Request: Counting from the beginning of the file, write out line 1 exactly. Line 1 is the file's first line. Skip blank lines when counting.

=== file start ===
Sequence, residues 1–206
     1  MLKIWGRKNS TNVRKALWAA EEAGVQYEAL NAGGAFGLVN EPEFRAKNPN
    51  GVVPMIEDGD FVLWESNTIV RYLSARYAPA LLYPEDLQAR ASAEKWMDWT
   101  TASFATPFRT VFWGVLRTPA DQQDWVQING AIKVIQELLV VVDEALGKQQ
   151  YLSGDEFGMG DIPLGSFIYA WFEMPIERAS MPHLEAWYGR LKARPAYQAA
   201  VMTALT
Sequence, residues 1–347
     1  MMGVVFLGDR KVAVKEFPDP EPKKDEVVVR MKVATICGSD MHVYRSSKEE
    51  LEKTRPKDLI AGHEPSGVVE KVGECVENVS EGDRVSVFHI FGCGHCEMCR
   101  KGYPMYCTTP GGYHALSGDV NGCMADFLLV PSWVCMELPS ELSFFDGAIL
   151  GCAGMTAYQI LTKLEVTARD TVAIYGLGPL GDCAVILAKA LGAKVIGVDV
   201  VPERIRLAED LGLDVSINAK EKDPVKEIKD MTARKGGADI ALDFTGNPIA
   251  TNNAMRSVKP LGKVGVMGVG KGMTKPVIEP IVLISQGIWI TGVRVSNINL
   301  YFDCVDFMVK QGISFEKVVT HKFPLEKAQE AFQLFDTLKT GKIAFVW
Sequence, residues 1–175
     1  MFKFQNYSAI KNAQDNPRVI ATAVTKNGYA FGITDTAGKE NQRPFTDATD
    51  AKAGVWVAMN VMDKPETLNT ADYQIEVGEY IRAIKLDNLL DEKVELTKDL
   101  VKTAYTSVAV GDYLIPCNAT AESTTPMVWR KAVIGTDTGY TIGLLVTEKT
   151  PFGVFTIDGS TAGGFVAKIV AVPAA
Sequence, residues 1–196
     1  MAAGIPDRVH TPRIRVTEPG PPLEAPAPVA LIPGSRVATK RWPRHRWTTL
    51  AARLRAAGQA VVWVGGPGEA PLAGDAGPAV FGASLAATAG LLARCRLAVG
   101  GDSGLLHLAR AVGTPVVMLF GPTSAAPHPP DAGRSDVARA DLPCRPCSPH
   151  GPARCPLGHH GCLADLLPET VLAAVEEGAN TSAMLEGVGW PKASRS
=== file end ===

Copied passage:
Sequence, residues 1–206